2010 is going to be the year we Yankeee taxpayers get to funnel more money into another bailout. This time it is the nuclear power industry. Back in 2005 the Congress authorized over $18 billion in loans to the nuc boys. The then-Pres signed it, but somehow, with two top oilmen in the two top positions of the land...nothing.
Now, with a different administration less enthralled by oil, oil, oil...or drill, baby, drill, there seems to be a desire to actually dispense that money. Apparently the first big bolus of cash will go to a nuclear plant in Georgia to build another reactor. It's been decades since America commissioned a new nuclear plant.
This will not be like erecting another wind turbine. Estimates are that new nuc plant construction would not begin in Georgia before 2011, even if there are no legal delays. Construction would be completed by 2017 if all goes well. Opponents to the revived nuclear industry in Georgia are led by Southern Alliance for Clean Energy (SACE). SACE is largely supported by foundations and one cosmetic firm. SACE charges over-runs, over-runs and more over-runs are likely.
You can read the whole SACE attack on the loan to their local nuclear guys here.
NUCLEAR WASTE: SPENT FUEL, NOT SPENT MONEY
And there's the matter of all that waste, 'er "spent fuel." Now the Nuclear Energy Institute (NEI) has a whole section of their website touting the great advances in spent fuel tech. They say the new tech "holds promise." That implies you shouldn't be holding your breath. And NEI projects it would take significant construction of numerous plants if we want nuclear to continue to produce 20% of America's electricity as years go by.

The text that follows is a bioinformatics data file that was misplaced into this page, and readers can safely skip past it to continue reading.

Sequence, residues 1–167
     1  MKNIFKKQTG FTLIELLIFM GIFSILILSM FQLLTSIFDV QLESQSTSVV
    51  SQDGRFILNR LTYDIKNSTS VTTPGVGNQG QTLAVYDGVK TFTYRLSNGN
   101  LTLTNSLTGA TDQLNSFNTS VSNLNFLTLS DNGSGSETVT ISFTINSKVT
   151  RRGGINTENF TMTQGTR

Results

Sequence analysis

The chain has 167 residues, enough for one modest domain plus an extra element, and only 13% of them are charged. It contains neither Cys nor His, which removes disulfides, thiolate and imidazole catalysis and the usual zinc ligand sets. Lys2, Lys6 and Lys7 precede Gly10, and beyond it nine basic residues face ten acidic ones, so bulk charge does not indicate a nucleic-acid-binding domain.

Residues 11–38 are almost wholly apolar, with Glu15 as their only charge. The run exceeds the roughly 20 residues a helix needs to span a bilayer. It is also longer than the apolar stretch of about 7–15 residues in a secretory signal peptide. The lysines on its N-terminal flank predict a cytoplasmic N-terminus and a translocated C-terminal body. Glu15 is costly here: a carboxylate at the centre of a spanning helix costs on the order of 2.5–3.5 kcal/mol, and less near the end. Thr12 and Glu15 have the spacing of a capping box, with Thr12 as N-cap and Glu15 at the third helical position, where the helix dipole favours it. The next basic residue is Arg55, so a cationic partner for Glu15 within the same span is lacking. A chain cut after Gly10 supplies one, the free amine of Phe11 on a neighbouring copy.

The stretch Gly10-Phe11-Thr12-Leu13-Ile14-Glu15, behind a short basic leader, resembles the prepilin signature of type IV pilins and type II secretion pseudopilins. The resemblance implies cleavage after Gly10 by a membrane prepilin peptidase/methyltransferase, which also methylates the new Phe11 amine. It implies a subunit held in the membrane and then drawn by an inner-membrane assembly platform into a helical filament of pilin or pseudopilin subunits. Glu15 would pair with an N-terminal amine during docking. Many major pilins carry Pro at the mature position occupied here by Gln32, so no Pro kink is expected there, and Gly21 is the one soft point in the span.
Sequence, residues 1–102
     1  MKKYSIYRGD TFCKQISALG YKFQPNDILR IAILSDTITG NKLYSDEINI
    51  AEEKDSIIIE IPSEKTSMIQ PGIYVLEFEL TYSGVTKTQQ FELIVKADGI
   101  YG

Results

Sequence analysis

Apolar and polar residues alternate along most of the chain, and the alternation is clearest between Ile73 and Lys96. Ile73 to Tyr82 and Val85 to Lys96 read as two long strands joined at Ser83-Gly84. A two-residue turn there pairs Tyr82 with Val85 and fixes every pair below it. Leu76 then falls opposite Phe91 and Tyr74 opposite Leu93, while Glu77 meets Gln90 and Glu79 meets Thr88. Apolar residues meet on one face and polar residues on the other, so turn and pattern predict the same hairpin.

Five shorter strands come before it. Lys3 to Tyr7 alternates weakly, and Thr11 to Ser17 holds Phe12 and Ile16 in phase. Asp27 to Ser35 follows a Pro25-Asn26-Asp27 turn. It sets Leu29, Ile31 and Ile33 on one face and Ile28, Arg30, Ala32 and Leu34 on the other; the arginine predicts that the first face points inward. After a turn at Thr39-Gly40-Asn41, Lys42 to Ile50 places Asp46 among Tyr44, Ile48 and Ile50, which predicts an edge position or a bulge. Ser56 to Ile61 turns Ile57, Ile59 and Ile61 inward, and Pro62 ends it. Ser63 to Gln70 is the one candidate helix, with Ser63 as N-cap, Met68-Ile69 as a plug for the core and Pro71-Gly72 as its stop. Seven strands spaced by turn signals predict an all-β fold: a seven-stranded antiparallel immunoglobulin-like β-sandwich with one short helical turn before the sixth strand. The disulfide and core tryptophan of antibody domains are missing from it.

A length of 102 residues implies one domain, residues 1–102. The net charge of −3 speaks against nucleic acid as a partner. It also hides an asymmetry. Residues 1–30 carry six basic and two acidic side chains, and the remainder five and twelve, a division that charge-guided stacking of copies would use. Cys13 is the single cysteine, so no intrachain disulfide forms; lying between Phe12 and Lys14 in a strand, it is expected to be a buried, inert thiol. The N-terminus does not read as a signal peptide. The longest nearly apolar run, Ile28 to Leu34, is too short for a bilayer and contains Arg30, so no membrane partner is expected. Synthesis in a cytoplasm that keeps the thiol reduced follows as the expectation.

While the first nuclear "war" may get fought in Georgia, the skirmishes will erupt in many places. A French firm, Areva, just signed a memo of understanding to try to build a nuclear power plant in Fresno. California, here we come, right back....
France--we all know--gets most of its electricity from nuclear power plants.
Of course, we all should remember that nuclear power plants produce no greenhouse gas emissions, do use enormous amounts of fresh water and require fuel mined from the earth. Nuclear plants are not weather dependent and can theoretically run non-stop at controlled levels of production, not requiring huge electrical storage facilities. The nuclear issue continues to split environmental groups with some in favor, some continually opposed. When and how the fossil fuel industry might wade into this battle remains to be seen. Of course, it would not be hard for Exxon or Chevron to buy nuclear plants if they do start sprouting up in pro-nuclear states. I wouldn't be betting my pension on those plants getting built near Fresno.